Swiss ‘burka ban’ accepted by slim majority

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women with covered face
No longer possible: a veiled woman pictured in Geneva. Keystone / Martial Trezzini

Supporters of a people’s initiative to ban face coverings in public have carried the vote with a majority of 51.2%.

A decade after another national vote that banned the building of minarets, Switzerland will introduce a clause in its constitution to outlaw face coverings, including the Islamic burka and niqab, in public spaces.

In doing so, it will join five other European countries, including neighbours France and Austria, who have already banned such garments in public.

Exceptions to the law will include face coverings for reasons of security, climate, or health – which means protective masks worn against Covid-19 are acceptable. Niqabs and burkas will still be allowed in places of worship.

Final results on Sunday showed just six of the country’s 26 cantons rejecting the initiative, which was launched by the right-wing Egerkinger committee – the same group who were behind the minaret vote in 2009.

Turnout was just over 50%, a little above average.

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Government setback

It’s only the 23rd time in 130 years that a people’s initiative has been accepted, and the first time since 2014. Swiss citizens have voted on a total of 219 such initiatives – launched by gathering 100,000 signatures – over the course of the country’s modern history.

It also marks a blow for the government and parliament, who had opposed the ban on the grounds that it was unnecessary – both because of the low number of niqab-wearers in the country, and because the 26 cantons can legislate on such issues themselves.

On Sunday, Justice Minister Karin Keller-Sutter repeated that only a “tiny” fraction (estimated at a few dozen) of the 400,000 Muslims in Switzerland wear such veils. She also welcomed the fact that various Muslim voices had taken part in the campaign – including in favour of the ban.

As such, Keller-Sutter said she did not see the result as a blanket “vote against Muslims”.

Fractured campaign

Walter Wobmann of the right-wing Swiss People’s Party, who chaired the “yes” campaign, welcomed the result and said it wasn’t mere symbolism, as some opponents had alleged.

“Facial coverings are contrary to our value system,” Wobmann told Swiss public television, SRF. He said there were now clear rules in place so that “people know that in our country, you show your face in public”.

Wobmann’s party colleague Jean-Luc Addor said the initiative had succeeded because it managed to build support beyond merely right-wing camps: he praised the involvement of left-wing feminists and of progressive Muslims, some of whom also supported the ban.

Addor said that “some Muslims also understood that the niqab is a clear symbol of radical Islam”, which represents not only a challenge for “our civilisation” but also for Muslims themselves.

Saida Keller-Messahli, founder of the Forum for a Progressive Islam and a prominent backer of the ban, said the result was a rejection of a “totalitarian ideology which has no place in a democracy”. She added that she thinks the result will be “understood” abroad.

Other Muslims and Muslim groups were not so upbeat. The Islamic Central Council of Switzerland (ICCS) said it was a “big disappointment for all Muslims who were born in and grew up in Switzerland”. Ferah Ulucay, secretary-general of the ICCS, said the vote “had succeeded in anchoring in the constitution a widespread islamophobia in Switzerland”.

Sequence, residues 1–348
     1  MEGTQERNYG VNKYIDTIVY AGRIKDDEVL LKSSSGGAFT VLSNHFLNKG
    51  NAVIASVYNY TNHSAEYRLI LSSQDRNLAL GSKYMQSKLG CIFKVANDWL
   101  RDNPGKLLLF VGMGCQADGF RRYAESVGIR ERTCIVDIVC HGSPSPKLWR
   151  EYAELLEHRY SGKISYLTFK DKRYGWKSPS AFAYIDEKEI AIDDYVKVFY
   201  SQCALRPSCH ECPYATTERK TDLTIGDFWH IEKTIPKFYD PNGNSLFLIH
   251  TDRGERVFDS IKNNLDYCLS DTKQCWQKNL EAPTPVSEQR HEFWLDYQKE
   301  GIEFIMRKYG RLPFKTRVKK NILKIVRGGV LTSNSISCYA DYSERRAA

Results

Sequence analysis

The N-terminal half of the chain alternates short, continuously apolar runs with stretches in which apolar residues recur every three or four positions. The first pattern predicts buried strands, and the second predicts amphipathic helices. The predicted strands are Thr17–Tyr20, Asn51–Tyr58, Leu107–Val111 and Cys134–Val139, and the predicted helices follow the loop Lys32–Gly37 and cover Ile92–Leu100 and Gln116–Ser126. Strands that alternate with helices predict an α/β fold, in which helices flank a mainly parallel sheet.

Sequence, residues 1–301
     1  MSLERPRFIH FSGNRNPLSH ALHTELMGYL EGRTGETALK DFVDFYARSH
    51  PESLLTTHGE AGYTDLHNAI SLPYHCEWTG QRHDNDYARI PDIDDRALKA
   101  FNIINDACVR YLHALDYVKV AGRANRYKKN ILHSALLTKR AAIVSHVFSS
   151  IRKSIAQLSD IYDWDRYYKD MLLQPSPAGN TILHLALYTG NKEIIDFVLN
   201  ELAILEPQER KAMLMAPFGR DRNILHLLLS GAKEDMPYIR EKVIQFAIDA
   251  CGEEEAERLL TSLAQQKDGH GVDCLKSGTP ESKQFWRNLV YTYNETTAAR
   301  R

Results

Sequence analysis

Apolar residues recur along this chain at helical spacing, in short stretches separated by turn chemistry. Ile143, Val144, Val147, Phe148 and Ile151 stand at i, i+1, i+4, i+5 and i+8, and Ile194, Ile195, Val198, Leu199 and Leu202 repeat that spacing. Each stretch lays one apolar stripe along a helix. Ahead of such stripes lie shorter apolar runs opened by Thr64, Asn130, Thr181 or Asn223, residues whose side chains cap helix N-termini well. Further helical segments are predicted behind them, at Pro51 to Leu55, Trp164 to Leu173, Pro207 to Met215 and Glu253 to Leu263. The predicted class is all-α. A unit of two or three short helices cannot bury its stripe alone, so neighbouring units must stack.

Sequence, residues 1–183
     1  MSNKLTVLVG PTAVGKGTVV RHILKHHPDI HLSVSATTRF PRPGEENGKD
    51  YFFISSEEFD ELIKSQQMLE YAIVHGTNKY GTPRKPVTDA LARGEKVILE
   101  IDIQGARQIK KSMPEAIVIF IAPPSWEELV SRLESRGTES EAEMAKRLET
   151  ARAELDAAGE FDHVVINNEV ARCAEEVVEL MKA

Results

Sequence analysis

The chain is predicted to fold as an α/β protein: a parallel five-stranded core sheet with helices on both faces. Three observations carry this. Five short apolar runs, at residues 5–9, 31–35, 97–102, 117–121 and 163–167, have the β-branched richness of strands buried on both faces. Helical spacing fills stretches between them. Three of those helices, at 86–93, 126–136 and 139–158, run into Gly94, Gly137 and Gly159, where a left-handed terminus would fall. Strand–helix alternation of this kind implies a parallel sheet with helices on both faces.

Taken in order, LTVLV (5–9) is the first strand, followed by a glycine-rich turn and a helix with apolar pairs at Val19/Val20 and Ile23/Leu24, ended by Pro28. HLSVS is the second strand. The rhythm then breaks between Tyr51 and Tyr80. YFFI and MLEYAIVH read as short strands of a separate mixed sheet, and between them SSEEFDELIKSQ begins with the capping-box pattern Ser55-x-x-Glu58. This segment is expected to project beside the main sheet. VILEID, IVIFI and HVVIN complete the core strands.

For Pascal Gemperli of the Federation of Islamic Organisations in Switzerland, the vote “targeted a specific community, just like with the minarets [in 2009]”. Gemperli said it wasn’t clear what would happen next, but that he had some fears for the security of Muslims in the country.

Feminist groups had also been heavily involved in the campaign, with some seeing the face coverings as a symbol of patriarchal oppression, and others opposing the ban on the grounds that women should be allowed to dress how they like.

Reacting on Sunday, Tamara Funiciello, a well-known feminist from the left-wing Social Democrats, said the result would have no impact on real problems like sexism, racism and violence. It’s another example of women being told what they can and can’t wear, she said.

Memory of minarets

Switzerland, like many other western European countries, has debated over the past decades how best to integrate its Muslim community, who are estimated to make up about 5% of the total population.

In November 2009, 57.5% of voters accepted another people’s initiative – proposed by the same committee behind the burka vote – to ban the building of minarets in the country: a result that went against the predictions of opinion polls and which came as a shock to the political establishment.

Debates about the various symbols of Islam, including burkas and niqabs, which were part of the discussion at the time, continued in the years after, and two cantons introduced full face-covering bans in the past decade – St Gallen and Ticino. Other cantons have previously rejected such proposals.

In the southern region of Ticino, where over 60% of the population backed a ban in 2016, the first three-and-a-half years after it came into force saw 60 people being charged for infringements – 32 of them sport hooligans, and 28 women wearing facial coverings.

Over half of all Swiss cantons already have regulations in place that ban the wearing of face-coverings during demonstrations or sports events.


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